Tobacco Card Collection, ca. 1885
GUEST 1: When my grandmother died, my father was cleaning out his bedroom, and in his closet, in his bedroom, he found the box with some other assorted things. When he opened up the box, he saw all of these cards in there with other odds and ends inside the writing box. So that's where the box comes from. GUEST 2: And when we looked in the box, we realized that the cards were very old, and they were in excellent condition, so of course, we're concerned about how much they're worth, and how to preserve them.
What we have here is the genesis of baseball card collecting, okay? This is the late 1880s, and these were tobacco cards. These were actually put in packs of tobacco as stiffeners. GUEST 1: Yeah.
Now, people collected them. Some people gave them to kids, some people pasted them in scrapbooks. These were put in this beautiful box and tucked away for 100 years. You don't really see that too often, okay? This first set here, these are called Allen and Ginter cards. And you can see the most beautiful color lithography you've ever seen, just fantastic. And here we have four of the best cards in this group. These are four Hall of Famers-- we have Tim Keefe, we have John Montgomery Ward, we have Charles Comiskey, who Comiskey Park is named after. GUEST 1: We recognized that name.
And Adrian "Cap" Anson. These are the best cards in this particular set. Now, you also have these right here. These are called Old Judge cards. These are also from the 1880s, and it's the first card to actually use a photographic image. And here we have three of your best ones in this collection, including Hugh Duffy, who's a Hall of Famer, Jim Mutrie, the manager of the New York Giants, and Buck Ewing. Here we have the most beautiful cards I've seen in years. I mean, these are just absolutely pack-fresh, if you will. So you have about 40 of these. Collectors look for condition. That's the number-one thing. They're also looking for the individual, obviously. As far as value is concerned now, I would estimate the collection that I see right here at approximately $12,000 to $15,000, okay? GUEST 1: Oh, my gosh, yeah.
It's a wonderful collection, it's very exciting to see, and thank you so much for coming in. GUEST 1: Thank you. GUEST 2: Thank you.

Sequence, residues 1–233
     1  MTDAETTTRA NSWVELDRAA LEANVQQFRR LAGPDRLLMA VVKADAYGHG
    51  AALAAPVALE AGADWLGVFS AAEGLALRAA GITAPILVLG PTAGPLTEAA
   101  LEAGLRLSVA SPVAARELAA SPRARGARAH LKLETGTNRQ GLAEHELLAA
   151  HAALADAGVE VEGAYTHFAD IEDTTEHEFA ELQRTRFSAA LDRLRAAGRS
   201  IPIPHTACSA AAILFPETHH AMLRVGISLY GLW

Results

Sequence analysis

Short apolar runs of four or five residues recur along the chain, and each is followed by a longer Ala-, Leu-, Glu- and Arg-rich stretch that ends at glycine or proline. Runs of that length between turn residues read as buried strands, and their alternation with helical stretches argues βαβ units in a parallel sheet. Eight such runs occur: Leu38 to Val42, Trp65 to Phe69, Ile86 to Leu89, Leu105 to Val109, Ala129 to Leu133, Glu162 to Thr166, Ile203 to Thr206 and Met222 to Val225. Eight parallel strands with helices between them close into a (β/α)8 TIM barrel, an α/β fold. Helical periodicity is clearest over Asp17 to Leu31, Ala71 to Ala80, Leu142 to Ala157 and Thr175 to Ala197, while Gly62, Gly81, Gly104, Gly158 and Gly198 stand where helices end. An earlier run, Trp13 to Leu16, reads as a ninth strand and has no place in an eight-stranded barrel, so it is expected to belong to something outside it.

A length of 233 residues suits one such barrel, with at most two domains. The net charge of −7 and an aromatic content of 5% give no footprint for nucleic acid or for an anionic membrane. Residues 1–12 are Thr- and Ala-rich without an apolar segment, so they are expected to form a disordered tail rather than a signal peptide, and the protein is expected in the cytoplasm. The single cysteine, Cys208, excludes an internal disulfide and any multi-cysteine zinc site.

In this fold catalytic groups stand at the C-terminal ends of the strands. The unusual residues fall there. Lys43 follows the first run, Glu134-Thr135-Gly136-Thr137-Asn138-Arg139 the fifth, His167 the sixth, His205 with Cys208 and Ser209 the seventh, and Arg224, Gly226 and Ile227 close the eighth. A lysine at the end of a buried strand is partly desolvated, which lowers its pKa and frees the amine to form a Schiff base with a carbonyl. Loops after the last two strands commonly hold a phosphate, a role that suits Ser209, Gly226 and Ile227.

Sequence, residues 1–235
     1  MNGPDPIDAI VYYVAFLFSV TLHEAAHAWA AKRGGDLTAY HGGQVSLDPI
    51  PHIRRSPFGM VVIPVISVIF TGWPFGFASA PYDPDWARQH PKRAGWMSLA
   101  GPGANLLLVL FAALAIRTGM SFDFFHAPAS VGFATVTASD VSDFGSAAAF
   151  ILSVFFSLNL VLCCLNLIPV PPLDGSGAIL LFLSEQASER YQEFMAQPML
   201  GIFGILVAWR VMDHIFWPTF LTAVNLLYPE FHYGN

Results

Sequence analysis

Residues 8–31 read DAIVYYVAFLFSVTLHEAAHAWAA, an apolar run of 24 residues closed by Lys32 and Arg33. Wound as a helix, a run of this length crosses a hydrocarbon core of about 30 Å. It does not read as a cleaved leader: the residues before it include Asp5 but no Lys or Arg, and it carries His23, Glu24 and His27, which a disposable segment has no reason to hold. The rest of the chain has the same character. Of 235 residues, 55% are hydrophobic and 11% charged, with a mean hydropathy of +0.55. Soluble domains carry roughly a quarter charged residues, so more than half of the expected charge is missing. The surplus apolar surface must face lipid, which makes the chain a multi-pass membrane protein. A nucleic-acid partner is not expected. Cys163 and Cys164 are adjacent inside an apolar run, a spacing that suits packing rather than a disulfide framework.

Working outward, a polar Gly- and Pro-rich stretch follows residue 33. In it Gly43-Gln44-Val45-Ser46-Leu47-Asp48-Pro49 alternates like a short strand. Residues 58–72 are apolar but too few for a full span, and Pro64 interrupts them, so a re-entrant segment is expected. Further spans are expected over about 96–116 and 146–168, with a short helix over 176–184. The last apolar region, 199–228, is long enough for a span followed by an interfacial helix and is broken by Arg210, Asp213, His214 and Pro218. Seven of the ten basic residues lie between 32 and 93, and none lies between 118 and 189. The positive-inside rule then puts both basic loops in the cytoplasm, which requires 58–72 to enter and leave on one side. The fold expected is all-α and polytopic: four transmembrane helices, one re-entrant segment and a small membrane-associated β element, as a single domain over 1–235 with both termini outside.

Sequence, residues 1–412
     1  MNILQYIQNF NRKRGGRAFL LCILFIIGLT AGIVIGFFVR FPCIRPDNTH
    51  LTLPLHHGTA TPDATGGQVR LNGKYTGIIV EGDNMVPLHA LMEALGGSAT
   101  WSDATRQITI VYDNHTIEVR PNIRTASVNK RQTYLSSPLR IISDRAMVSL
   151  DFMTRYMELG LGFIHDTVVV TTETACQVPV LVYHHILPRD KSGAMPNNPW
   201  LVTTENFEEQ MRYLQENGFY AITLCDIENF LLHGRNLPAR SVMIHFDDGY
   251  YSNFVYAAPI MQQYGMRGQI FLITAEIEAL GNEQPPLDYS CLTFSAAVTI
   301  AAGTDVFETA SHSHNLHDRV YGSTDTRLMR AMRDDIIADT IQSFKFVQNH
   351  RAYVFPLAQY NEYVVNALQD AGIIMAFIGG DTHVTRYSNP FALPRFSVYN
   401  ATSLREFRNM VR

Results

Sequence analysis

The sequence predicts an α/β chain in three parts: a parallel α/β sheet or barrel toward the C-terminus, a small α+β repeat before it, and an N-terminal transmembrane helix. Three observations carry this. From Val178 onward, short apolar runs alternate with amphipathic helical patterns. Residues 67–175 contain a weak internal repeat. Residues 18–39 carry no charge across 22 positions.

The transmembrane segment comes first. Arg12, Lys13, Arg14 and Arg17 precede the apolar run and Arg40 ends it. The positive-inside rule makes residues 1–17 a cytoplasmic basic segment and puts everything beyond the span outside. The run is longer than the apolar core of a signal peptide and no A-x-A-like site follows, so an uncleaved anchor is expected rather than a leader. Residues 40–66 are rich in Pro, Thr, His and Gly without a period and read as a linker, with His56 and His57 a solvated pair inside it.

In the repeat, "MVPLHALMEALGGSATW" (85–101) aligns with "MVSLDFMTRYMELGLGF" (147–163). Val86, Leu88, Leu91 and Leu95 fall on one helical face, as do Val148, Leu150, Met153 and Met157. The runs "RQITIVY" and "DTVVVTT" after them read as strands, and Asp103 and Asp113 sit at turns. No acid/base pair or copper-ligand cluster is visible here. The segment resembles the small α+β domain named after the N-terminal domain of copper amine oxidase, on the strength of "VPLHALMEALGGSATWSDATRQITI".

Executive producer Marsha Bemko shares her tips for getting the most out of ANTIQUES ROADSHOW.
Value can change: The value of an item is dependent upon many things, including the condition of the object itself, trends in the market for that kind of object, and the location where the item will be sold. These are just some of the reasons why the answer to the question "What's it worth?" is so often "It depends."
Note the date: Take note of the date the appraisal was recorded. This information appears in the upper left corner of the page, with the label "Appraised On." Values change over time according to market forces, so the current value of the item could be higher, lower, or the same as when our expert first appraised it.
Context is key: Listen carefully. Most of our experts will give appraisal values in context. For example, you'll often hear them say what an item is worth "at auction," or "retail," or "for insurance purposes" (replacement value). Retail prices are different from wholesale prices. Often an auctioneer will talk about what she knows best: the auction market. A shop owner will usually talk about what he knows best: the retail price he'd place on the object in his shop. And though there are no hard and fast rules, an object's auction price can often be half its retail value; yet for other objects, an auction price could be higher than retail. As a rule, however, retail and insurance/replacement values are about the same.
Verbal approximations: The values given by the experts on ANTIQUES ROADSHOW are considered "verbal approximations of value." Technically, an "appraisal" is a legal document, generally for insurance purposes, written by a qualified expert and paid for by the owner of the item. An appraisal usually involves an extensive amount of research to establish authenticity, provenance, composition, method of construction, and other important attributes of a particular object.
Opinion of value: As with all appraisals, the verbal approximations of value given at ROADSHOW events are our experts' opinions formed from their knowledge of antiques and collectibles, market trends, and other factors. Although our valuations are based on research and experience, opinions can, and sometimes do, vary among experts.
Appraiser affiliations: Finally, the affiliation of the appraiser may have changed since the appraisal was recorded. To see current contact information for an appraiser in the ROADSHOW Archive, click on the link below the appraiser's picture. Our Appraiser Index also contains a complete list of active ROADSHOW appraisers and their contact details and biographies.